The answer lies in part on what you are trying to improve. The answer may be different if we are talking about acceleration compared to maximum velocity sprinting. And those may be different than a change of direction.
This is the phase where you are starting and gaining speed. During this phase, the mechanics lead to slightly longer ground contact times. This added time in contact with the ground lets you build up force to push harder. You still have only between 200 – 400 milliseconds, so Max Strength will help, but Speed-Strength is key.
This phase is also characterized by large horizontal and vertical forces. This means that when training strength, you need strength exercises for both pushing backward and down. A good dose of weight room basics like lunges, power cleans help. Combined with vertical and horizontal plyometrics, along with sled work, the results get better.
Maximum Velocity Mechanics
During this phase, you are upright and moving fast. Your foot needs to hit the ground with high forces but it’s not there for long. Elite sprinters are in contact less than 100 milliseconds. You need Max Strength enough to handle the high loads 1.5 – 2.5 times body weight on each leg. You also need to be able to absorb the impact and reapply force quickly. That’s Reactive Strength.
Since you’ve already accelerated, in this phase the forces are mostly vertical. They keep you from falling into the ground. Therefore, weight and plyometric exercises like squats, reactive hurdle jumps, and even jump rope double-unders all contribute.
Change of Direction
When changing direction, the type of strength can depend on how sharp of a cut you make. One situation is a major change of direction where you slow down and re-accelerate. This requires a lot of Eccentric Strength and Strength-Speed. On the other hand, if it’s a quick cut without slowing down or a big range of motion, then it’s more about Reactive Strength and Speed-Strength.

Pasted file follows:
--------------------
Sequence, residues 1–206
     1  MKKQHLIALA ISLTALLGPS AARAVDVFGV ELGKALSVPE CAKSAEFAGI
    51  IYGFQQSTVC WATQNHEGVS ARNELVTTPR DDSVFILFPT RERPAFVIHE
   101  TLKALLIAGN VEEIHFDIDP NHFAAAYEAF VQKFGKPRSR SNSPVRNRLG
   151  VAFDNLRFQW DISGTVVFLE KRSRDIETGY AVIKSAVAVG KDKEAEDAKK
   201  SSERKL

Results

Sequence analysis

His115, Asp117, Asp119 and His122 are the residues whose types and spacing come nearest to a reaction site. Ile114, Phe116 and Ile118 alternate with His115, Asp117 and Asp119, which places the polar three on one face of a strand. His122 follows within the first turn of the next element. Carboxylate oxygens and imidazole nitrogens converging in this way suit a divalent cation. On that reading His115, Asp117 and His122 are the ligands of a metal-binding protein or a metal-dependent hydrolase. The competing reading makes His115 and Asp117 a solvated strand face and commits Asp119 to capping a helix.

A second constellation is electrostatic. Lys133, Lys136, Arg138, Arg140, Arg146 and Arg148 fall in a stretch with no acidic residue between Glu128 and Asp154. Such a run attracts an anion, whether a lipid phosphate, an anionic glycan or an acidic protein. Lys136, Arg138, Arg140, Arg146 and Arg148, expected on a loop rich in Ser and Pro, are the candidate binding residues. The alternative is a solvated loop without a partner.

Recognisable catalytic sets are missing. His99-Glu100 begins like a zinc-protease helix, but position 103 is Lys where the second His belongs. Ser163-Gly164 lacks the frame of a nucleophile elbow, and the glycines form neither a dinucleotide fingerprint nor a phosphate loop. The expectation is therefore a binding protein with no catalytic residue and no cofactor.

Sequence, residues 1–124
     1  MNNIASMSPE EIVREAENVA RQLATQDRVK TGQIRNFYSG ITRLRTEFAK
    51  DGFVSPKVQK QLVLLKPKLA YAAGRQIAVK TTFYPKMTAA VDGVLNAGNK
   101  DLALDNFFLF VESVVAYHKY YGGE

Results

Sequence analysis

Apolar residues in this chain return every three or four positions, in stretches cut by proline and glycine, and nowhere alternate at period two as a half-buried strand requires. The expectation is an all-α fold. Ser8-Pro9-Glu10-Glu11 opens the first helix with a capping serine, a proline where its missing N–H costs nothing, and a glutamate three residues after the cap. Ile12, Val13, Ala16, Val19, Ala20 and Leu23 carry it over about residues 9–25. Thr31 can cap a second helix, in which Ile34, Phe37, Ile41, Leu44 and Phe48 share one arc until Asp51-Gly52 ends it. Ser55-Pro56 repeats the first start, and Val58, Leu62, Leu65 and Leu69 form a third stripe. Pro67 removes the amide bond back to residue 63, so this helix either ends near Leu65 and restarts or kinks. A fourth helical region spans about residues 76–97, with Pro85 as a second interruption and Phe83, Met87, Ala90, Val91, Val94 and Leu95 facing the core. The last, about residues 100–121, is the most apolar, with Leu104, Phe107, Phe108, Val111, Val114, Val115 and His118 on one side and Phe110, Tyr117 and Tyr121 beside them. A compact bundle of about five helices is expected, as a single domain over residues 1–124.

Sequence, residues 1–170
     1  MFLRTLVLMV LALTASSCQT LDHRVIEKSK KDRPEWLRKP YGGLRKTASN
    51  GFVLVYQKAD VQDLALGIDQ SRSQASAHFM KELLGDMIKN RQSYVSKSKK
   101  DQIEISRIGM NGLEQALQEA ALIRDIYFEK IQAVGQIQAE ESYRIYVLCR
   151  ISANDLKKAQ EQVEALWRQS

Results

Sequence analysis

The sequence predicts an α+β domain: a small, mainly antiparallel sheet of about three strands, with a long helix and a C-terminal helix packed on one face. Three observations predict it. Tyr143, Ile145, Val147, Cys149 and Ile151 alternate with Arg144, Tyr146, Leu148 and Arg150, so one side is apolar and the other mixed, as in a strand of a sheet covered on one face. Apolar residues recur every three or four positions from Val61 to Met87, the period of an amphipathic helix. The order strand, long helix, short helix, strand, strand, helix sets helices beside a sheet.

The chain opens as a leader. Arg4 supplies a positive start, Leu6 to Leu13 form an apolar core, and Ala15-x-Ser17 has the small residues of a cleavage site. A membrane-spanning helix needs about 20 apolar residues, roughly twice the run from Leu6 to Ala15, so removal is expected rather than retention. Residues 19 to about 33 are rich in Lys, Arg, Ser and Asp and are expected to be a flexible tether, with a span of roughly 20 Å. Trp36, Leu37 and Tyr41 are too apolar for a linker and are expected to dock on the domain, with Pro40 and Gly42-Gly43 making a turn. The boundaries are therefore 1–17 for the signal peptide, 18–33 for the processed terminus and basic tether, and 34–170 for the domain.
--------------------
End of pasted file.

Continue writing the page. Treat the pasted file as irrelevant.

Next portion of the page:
Both these are going to benefit from a mix of weight room and plyometrics. The weight room will include strength exercises and Olympic lifts for power. The plyometrics are going to need to focus on developing horizontal and lateral forces.
Technical Sprint Drills for Strength Development
There is a big misunderstanding of technical speed drills. Most people see a technical drill and naturally believe it’s to develop technique. It makes sense after all, but there is so much more.
Many “technique” drills in speed training are just as important to developing Big Force as the weight room. By refining an athlete’s technique, they become more efficient with the strength they have. They learn to apply it better.
Often many speed drills are really a plyometric exercise themselves. They require putting a lot of force into the ground, in the proper direction. They are in fact the most speed specific form of strength training there is.
Strength Training for Speed
Having good technique and good power output is key to being fast. It’s not an either/or situation, it’s an AND sitution. You need technique AND strength. In every athlete’s development, they go through stages. Sometimes their technique gets ahead of their strength, and vice versa. Make sure you stay on track by developing both and working with a knowledgeable coach who can determine if you need one or the other more.